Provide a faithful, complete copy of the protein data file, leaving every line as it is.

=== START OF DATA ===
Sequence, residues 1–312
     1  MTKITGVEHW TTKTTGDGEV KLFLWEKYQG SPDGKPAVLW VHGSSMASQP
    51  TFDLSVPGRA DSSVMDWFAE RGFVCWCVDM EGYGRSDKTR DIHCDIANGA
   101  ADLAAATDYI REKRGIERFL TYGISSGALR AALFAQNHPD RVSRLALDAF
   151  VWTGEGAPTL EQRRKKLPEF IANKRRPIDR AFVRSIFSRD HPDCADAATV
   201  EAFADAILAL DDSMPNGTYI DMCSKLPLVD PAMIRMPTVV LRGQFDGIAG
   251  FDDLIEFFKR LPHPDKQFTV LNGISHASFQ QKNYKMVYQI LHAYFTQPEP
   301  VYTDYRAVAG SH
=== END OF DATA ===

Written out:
Sequence, residues 1–312
     1  MTKITGVEHW TTKTTGDGEV KLFLWEKYQG SPDGKPAVLW VHGSSMASQP
    51  TFDLSVPGRA DSSVMDWFAE RGFVCWCVDM EGYGRSDKTR DIHCDIANGA
   101  ADLAAATDYI REKRGIERFL TYGISSGALR AALFAQNHPD RVSRLALDAF
   151  VWTGEGAPTL EQRRKKLPEF IANKRRPIDR AFVRSIFSRD HPDCADAATV
   201  EAFADAILAL DDSMPNGTYI DMCSKLPLVD PAMIRMPTVV LRGQFDGIAG
   251  FDDLIEFFKR LPHPDKQFTV LNGISHASFQ QKNYKMVYQI LHAYFTQPEP
   301  VYTDYRAVAG SH